Report a victory for water users
Canberra's decade-long drought, which drove dam levels below 20 per cent of capacity, is now, thankfully, a fading memory. The same cannot be said, however, of the impact the big dry has had on water usage and pricing. The release this week of the Independent Competition and Regulatory Commission's draft report on proposed pricing for water and sewerage services will be a painful reminder for ACTEW Water and its owner, the ACT government, of the costs of the past decade. Consumers, however, may view the report differently.
During the drought, ACTEW Water quite rightly instituted measures intended to conserve water. Price rises and public awareness campaigns helped restrain consumption but they also suppressed demand and revenue at a time when the utility was investing hundreds of millions of dollars on new measures to drought-proof the city, as well as paying hefty annual dividends to the ACT government. In 2009-10, when dams were at their lowest level, the utility delivered more than $91 million to government coffers. In 2010-11, when rain suppressed demand for water even further, it paid a dividend of $65.7 million. This rose to $67.4 million in 2011-12.
With the $400 million-plus Cotter dam project nearly complete, and revenue projections looking no healthier than they were two years ago, it is not surprising that ACTEW Water chief Mark Sullivan should have reacted strongly to the ICRC's recommendation that water and sewerage charges be cut by 16.9 per cent and 19 per cent respectively from July 1. On the other hand, consumers who have complained that their "reward'' for conserving water was to be hit with larger bills will be delighted.
As ICRC senior commissioner Malcolm Gray has made clear, the commission is well aware of ACTEW's need to pay for water security initiatives developed in response to the drought and its desire to recover revenues eroded by lower-than-expected water sales in recent years. The regulator is also mindful, however, of ongoing concerns about water price rises. Those who have questioned the tendency of ACT governments to use water prices to raise revenue rather than simply to recover the cost of service provision will welcome the ICRC recommendations. They might even argue that a price cut is a way to stimulate demand and increase revenues. That is unlikely to be the view of either ACTEW or the government.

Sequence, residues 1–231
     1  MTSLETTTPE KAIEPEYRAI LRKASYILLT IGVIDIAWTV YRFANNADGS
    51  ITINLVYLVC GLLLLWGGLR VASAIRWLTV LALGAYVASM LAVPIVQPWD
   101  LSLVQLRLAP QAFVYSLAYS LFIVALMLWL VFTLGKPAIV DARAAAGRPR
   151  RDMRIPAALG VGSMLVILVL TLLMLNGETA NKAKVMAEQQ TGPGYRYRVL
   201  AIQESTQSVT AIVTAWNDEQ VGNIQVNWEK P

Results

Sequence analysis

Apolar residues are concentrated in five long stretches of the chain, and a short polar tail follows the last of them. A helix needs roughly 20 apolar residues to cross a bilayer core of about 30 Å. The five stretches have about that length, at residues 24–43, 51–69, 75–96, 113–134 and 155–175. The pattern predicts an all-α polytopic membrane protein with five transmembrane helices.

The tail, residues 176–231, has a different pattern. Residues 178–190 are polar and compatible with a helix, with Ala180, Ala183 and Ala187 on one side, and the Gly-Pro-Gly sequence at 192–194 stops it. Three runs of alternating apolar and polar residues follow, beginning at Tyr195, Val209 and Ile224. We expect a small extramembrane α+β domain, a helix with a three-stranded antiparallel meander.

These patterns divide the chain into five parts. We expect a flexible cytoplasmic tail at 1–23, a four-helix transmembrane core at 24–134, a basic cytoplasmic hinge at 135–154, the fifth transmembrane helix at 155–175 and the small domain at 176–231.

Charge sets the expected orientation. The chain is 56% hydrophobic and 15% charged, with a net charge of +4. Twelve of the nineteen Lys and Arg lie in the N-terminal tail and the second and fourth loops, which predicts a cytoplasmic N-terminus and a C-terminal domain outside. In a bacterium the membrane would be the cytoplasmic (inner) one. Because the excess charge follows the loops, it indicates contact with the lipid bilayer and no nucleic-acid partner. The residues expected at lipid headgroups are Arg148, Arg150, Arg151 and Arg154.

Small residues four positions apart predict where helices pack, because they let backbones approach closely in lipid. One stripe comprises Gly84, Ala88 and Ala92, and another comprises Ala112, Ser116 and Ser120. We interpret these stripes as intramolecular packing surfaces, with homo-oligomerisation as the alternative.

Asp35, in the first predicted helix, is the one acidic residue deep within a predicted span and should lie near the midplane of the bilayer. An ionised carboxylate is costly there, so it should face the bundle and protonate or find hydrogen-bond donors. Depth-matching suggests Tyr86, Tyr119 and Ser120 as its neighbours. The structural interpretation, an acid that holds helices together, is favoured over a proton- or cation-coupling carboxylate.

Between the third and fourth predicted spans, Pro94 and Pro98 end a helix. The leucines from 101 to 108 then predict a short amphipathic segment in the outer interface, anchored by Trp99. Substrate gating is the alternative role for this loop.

Whether the regulator will change its position before making a final determination remains to be seen. It seems likely, however, that the government will have to wean itself off high water dividends, which will no doubt mean cuts to spending or higher charges for other services. Regardless of the outcome, one thing that cannot be compromised is the standard of water provision to the households and businesses of the ACT.
This city has never wanted for public-spirited individuals but few have been as determined, methodical or as hard-working as Chris Peters.
The long-time chief executive of the ACT Chamber of Commerce, who died this week after a long illness, spent two decades championing Canberra, its business potential and its cultural assets, particularly the Australian National University School of Music.
Like many others before him, Mr Peters came to Canberra for work, in his case as CEO of the Australian Institute of Architects. His fondness for Canberra was mirrored in the belief that what made the city "fabulous'' was that "we are small enough that we can make things happen but large enough to make it worthwhile happening''. Mr Peters was not blind to Canberra's faults. He believed the city was, on occasion, not as welcoming as it should be and he was disappointed at the changes that occurred at the School of Music last year.
Nonetheless, Mr Peters loved his work and was so good at "making things happen'' that he was named the 2012 Canberra Citizen of the Year.
Mr Peters approached his illness as he did the rest of his life, with spirit and determination. His attitude was that while cancer was a setback, it had to be dealt with in a way that did not interfere with his work or detract from his enjoyment of family and friends.
He was, to the end, a staunch believer in Canberra.